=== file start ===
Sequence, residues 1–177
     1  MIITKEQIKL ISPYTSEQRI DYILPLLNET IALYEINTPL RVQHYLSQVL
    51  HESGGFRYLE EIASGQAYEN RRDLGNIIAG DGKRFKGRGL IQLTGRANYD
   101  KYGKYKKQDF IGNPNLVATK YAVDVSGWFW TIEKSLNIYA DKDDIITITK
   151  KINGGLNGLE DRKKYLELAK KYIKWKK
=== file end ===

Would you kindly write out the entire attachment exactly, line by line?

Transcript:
Sequence, residues 1–177
     1  MIITKEQIKL ISPYTSEQRI DYILPLLNET IALYEINTPL RVQHYLSQVL
    51  HESGGFRYLE EIASGQAYEN RRDLGNIIAG DGKRFKGRGL IQLTGRANYD
   101  KYGKYKKQDF IGNPNLVATK YAVDVSGWFW TIEKSLNIYA DKDDIITITK
   151  KINGGLNGLE DRKKYLELAK KYIKWKK